Based on the life of Archbishop Óscar Arnulfo Romero (1917-1980), the new children’s book “Telegrams to Heaven,” by Salvadoran writer of children’s literature René Colato Laínez, narrates the life of Óscar as a child. The son of the telegraph operator in a small town in El Salvador, Óscar learns how to send telegrams from his heart and discovers early on that his vocation lies in serving and giving himself to others.
Aided by the illustrations of the Dominican artist Pixote Hunt, Colato’s story manages to create in the reader a bond of empathy and interest in the life of a man who stood out for his commitment and active participation in defense of human rights in El Salvador.
With “Telegrams to Heaven,” Colato assures us of the certainty that everything we desire from our heart, always receives an answer, and that there is nothing more sincere than the wishes of a child. Likewise, the Mission District-based independent publisher Luna’s Press, delivers a bilingual (English and Spanish) edition of a story that deserves to be told in more than one language.
“Telegrams to Heaven” is a children’s story that adults should know about, and so Luna’s Press has made special effort to present this book in various venues such as book fairs, libraries, schools and cultural spaces, such as the reading of the book at Acción Latina’s Juan R. Fuentes Gallery, located at 2958 24th St., in San Francisco.
It should be noted that the Luna’s Press publishing house, founded by another award-winning writer, Jorge Argueta and his partner Holly Ayala, works under the precept of mainly promoting reading among children and young people, as well as to spread the value of the Latino culture and to promote the literary and artistic work of new talents. Luna’s Press has several award-winning books, which are published in English and Spanish and, recently, in Nahuatl.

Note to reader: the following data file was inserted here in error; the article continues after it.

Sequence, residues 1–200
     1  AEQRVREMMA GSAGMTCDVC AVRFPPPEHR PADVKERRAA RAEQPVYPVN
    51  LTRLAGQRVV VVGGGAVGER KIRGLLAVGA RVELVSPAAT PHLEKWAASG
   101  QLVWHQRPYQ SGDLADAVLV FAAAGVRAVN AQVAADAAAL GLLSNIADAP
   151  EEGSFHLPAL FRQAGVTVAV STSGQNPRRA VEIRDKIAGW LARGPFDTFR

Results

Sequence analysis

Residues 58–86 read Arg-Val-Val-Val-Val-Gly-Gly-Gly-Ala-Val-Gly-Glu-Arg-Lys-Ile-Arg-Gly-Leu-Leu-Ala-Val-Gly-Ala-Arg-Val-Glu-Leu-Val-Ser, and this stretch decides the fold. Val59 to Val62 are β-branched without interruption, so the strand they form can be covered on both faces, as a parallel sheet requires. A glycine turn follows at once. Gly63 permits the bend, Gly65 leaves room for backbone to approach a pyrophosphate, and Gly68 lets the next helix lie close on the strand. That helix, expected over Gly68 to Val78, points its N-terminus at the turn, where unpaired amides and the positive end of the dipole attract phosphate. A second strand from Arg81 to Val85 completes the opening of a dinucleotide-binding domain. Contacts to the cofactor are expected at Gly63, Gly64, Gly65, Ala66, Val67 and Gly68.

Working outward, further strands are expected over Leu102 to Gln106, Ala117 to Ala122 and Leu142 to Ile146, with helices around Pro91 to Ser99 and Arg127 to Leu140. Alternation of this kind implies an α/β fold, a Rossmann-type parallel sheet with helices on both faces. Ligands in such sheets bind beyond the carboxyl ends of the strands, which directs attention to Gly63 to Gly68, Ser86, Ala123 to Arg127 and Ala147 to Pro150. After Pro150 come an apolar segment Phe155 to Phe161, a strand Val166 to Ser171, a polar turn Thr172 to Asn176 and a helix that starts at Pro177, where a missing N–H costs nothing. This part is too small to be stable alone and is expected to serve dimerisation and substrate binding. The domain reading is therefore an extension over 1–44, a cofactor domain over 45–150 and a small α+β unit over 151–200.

“Telegrams to Heaven” can be found in San Francisco bookstores, and for more information on public events, you can consult the author’s website: ReneColatolainez.weebly.com. To order the book online, visit LunasPressBooks.weebly.com, or contact its publisher Holly Ayala at email@example.com, or call (415) 260-7490.
Didi Sedano has a degree in Hispanic Literature from the University of Guadalajara, and is headquartered at CUSur in Ciudad Guzmán, Jalisco, México. She is a cultural promoter, host of a radio program on that campus, and is currently conducting research on the life and work of a prominent 19th-century Jalisco author.
Story by: Didí Sedano